The hon. Member for Somerton and Frome quoted a Muslim spokesman in Australia. It is interesting to see that in the letter sent to us by the Muslim Council of Britain, which argues in favour of the Government's proposal, under the heading "Could the proposed new law raise unrealistic expectations?", the secretary-general says:
"It is sometimes argued that certain people, for example people in Muslim communities, believe that the proposed amendment to the Public Order Act will protect them against being offended. But since the prevention of offence is not the purpose of the amendment, such people will be disappointed."
Therefore, although expectations will be raised and demands will be made of the Attorney-General, whether by Muslims or by Sikhs—the latter are protected by existing law to some extent, but some demonstrated in Birmingham—it does not follow that those who take the view that their religion will be protected will ultimately find that it is. We are dealing with a wholly different issue. We are dealing with abuse—the sort of abuse that we acted against in the racial sphere 40 years ago.
Does the hon. Gentleman accept my assurance, as one who has a strong commitment to one faith but who does not think that it should have particular protection, that I would not support the new clause if I did not think it would give my Muslim constituents the same protection as my Sikh constituents and my Jewish constituents have and deserve? I want them to have equality, which is why the new clause is the best way forward.
I accept entirely the hon. Gentleman's sincerity. Not wishing to be patronising, I accept that he wants to protect his Muslim constituents, as he does others. I do not question that, but I believe that Government amendment No. 106 makes a substantial improvement on the wording by replacing "racial and religious hatred" with "hatred against persons on racial or religious grounds". I cannot see why that should be unacceptable.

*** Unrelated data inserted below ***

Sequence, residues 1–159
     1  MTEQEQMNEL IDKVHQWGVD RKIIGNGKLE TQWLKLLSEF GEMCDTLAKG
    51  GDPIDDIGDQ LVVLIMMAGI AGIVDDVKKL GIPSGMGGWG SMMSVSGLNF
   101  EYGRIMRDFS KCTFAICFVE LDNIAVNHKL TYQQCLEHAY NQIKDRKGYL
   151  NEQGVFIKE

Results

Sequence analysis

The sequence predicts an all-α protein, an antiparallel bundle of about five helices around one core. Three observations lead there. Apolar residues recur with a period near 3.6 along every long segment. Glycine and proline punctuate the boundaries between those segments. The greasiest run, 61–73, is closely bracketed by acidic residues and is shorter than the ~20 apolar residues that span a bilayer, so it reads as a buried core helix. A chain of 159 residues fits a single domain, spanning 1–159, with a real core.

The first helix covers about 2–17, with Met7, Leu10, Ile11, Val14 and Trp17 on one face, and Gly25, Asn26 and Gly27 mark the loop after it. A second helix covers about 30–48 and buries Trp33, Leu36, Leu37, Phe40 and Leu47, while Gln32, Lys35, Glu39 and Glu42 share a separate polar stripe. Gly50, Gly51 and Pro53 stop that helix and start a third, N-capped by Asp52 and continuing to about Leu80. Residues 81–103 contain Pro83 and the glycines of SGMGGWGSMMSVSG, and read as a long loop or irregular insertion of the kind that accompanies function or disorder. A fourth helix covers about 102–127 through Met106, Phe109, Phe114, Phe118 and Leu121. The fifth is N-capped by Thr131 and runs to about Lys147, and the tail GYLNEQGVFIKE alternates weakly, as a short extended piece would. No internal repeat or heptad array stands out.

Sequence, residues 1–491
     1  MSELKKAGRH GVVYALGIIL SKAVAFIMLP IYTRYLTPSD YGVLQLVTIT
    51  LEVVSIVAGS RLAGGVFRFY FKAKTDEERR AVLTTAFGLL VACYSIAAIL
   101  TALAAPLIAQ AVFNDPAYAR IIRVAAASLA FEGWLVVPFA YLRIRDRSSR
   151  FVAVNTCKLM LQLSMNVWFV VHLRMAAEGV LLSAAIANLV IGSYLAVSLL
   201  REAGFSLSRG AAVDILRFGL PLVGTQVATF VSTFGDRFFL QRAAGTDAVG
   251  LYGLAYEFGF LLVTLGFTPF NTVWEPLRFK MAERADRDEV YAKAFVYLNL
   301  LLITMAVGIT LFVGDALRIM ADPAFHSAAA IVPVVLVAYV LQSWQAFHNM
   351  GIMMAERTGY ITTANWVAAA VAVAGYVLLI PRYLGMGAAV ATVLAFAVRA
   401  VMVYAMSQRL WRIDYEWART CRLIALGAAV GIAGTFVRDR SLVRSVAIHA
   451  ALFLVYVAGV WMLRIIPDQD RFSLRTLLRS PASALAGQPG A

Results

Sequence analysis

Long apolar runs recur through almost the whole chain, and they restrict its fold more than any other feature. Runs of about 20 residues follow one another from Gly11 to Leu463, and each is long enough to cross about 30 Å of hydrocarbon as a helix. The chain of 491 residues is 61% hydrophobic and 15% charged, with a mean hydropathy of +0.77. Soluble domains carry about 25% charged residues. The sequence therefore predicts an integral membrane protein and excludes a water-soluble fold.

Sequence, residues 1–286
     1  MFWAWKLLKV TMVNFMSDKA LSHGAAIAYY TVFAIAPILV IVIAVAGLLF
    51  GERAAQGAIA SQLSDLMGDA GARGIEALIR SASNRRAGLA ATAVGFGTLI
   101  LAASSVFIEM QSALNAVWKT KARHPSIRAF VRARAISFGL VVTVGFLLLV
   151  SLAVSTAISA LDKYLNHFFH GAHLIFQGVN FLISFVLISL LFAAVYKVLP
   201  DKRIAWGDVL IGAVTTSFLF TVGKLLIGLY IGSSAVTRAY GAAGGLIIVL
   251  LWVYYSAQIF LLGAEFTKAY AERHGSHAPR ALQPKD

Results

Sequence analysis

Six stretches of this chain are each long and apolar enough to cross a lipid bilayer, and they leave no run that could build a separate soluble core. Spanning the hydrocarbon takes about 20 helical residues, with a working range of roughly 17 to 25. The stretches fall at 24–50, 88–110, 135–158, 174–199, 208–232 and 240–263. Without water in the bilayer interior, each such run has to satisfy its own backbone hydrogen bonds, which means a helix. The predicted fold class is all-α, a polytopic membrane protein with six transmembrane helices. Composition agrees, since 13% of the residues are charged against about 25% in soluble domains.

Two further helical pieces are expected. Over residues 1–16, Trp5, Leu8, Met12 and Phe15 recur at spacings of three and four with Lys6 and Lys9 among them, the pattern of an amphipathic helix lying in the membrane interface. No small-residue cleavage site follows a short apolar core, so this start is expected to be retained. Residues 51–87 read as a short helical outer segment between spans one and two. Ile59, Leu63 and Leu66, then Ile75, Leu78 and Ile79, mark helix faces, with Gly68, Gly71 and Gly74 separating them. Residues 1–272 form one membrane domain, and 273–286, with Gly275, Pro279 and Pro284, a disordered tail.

I realise that the Government's proposal might face difficulties in the other place and might not come into law before the general election. None the less, despite my reservations and my desire to protect free speech—which I hope that we succeeded in protecting when my Labour colleagues and I supported the law on incitement to racial violence; I am not aware that our country is less free as a result of what we did 35 or 40 years ago—I believe that, on balance, the Government are right to try to protect those who are not currently protected by the Race Relations Act 1976, and I shall vote accordingly.
We are discussing a delicate but crucial difference. I hope that the whole House recognises that we are trying to achieve the same end and that the argument is about how to achieve it effectively.
The new clause is designed not to remove the protection that Jews and Sikhs have, but to extend as far as is proper that protection to other religions without getting into the position in which, in trying to close a manifest gap, we create serious problems—first, of over-expectation, and then of people using the law for nefarious reasons such as their own aggrandisement or for the harassment of others, and without the disadvantage of recognising that religious views are held with considerable strength, that in stating belief it is difficult not to cast doubt on the claims of others, and that some religions, by their nature, are more sensitive about such things than others.